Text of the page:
An ant, Nathan Walker illustrations, etc.
Courtesy of the artist
Gp-9 is in fact a pheromone-binding protein, i.e. it binds these odourless molecules which can govern the behaviour of many creatures. Humans included. Such pheromone receptors are found on the ants’ antennae and once its ligand is bound to it, it transfers it to receptors on olfactory sensory neurons, which relay the pheromone message to the brain. And what would be the message such a pheromone relays? In this case, two different messages are relayed depending on the phenotype – BB or Bb – the ant carries. A worker ant will either accept an extra queen ant in its colony or it will not. It sounds simple, yet it is not…
A BB queen has all it needs to found its own colony. It is hugely overweight and can provide for itself and its eggs. Once it has mated with a male ant – in midair if you please – it will fly off and find a nice spot to lay its eggs and look after its brethren, which will subsequently become the workers that will not only look after their queen mother but will also look after the nest and fend for her. All the possible BB queen ants the original queen mother gave birth to will be sacrificed. And if any other BB queen stumbles upon the colony, it will also be killed. This behaviour occurs by way of the ‘BB pheromones’ given off by the BB queens, which signal to the BB worker ants that any other queen must be eliminated. A sorry fate.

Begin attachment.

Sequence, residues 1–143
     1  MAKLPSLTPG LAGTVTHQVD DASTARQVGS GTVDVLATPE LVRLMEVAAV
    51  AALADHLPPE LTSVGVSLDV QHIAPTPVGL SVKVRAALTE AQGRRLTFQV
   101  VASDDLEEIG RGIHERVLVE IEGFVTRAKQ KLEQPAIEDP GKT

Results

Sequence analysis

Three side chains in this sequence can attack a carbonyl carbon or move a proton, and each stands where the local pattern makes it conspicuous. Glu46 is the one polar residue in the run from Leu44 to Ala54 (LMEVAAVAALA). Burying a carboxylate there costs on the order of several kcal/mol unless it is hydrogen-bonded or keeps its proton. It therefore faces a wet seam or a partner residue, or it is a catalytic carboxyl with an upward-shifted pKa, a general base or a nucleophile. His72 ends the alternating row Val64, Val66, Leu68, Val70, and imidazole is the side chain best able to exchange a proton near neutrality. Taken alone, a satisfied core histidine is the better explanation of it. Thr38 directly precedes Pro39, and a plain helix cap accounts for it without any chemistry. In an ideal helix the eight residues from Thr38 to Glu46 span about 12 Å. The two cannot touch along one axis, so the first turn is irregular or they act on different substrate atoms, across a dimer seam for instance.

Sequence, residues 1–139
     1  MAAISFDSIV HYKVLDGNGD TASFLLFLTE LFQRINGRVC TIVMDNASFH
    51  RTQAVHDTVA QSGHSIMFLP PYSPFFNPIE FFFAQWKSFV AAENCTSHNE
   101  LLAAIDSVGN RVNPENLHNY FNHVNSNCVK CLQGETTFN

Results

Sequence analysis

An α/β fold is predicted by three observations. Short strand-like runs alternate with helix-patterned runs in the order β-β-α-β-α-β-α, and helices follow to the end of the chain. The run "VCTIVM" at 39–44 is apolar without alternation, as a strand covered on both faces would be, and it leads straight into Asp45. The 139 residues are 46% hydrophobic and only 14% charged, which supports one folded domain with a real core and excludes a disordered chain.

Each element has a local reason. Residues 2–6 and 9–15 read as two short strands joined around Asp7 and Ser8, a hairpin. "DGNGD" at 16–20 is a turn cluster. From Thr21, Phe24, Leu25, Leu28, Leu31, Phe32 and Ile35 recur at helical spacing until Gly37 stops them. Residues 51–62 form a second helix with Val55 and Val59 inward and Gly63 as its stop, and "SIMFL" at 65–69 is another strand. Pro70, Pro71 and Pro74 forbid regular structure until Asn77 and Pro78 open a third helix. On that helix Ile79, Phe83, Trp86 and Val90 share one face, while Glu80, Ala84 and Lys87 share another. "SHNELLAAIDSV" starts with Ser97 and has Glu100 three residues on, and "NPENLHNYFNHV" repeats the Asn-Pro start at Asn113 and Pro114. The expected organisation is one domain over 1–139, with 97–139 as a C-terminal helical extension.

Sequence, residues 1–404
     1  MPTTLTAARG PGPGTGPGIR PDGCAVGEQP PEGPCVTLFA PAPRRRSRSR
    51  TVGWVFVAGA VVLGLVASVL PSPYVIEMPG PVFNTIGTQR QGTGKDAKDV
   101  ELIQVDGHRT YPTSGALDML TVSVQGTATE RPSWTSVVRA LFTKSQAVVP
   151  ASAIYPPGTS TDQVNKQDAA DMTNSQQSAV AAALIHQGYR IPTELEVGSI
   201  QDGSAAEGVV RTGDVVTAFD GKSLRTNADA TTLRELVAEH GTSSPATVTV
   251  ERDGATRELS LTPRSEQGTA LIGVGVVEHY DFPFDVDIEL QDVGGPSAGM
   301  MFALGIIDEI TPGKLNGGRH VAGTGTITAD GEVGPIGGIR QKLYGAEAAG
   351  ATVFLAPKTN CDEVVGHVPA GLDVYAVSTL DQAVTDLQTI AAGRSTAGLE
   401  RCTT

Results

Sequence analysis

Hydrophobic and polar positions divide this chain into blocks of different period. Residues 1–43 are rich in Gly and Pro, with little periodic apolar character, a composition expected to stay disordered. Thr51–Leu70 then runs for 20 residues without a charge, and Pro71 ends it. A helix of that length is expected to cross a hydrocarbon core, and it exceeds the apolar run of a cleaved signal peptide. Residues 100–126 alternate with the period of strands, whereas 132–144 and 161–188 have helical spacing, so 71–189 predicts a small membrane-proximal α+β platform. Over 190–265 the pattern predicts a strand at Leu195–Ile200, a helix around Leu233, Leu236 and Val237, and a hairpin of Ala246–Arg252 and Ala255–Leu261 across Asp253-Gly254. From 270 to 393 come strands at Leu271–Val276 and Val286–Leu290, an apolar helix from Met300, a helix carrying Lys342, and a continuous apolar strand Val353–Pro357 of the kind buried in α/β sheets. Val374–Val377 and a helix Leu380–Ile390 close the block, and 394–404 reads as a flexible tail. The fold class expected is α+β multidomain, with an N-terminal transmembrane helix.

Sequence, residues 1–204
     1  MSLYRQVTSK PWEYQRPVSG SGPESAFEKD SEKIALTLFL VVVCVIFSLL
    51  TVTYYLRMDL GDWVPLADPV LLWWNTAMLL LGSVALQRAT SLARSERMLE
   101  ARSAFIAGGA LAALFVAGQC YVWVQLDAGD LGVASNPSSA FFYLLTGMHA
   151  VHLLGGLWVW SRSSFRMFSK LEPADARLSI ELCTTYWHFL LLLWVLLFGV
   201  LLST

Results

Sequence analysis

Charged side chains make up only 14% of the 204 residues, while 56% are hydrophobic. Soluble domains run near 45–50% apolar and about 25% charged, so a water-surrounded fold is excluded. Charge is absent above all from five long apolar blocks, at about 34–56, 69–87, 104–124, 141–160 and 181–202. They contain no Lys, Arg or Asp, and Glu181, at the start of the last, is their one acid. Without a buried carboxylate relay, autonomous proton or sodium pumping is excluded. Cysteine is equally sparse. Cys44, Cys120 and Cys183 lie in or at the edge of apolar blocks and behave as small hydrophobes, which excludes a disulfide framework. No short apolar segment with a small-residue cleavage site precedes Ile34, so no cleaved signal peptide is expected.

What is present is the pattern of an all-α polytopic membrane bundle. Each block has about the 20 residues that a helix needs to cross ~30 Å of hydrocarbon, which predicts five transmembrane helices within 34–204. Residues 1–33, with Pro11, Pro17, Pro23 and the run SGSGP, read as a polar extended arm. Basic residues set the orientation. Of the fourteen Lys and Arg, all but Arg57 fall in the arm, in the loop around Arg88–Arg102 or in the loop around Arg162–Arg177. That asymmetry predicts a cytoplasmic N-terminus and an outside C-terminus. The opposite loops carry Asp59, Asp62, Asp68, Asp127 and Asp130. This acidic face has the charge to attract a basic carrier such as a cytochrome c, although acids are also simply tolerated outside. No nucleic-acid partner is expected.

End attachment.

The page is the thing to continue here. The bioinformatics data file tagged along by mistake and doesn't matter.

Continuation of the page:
In colonies where many queens cohabit, the workers – like the queens – are Bb heterozygotes. How do they behave? It seems that their pheromone-detecting capacities are impaired. As a consequence, Bb red ants can ‘smell’ BB queen ants a mile off and they’ll kill them. However, these same heterozygous ants miss the Bb queens because they can’t detect them. So poly-queen colonies seem to exist simply because Bb ants don’t have the means to smell them. And the bb homozygotes? These ants are not viable – they are also very skinny – and die before they are sexually mature. What is more, Bb queens are far leaner than their BB counterparts and would not be able to form their own colony without the help of workers. So royal chubbiness also seems to be related to Gp-9!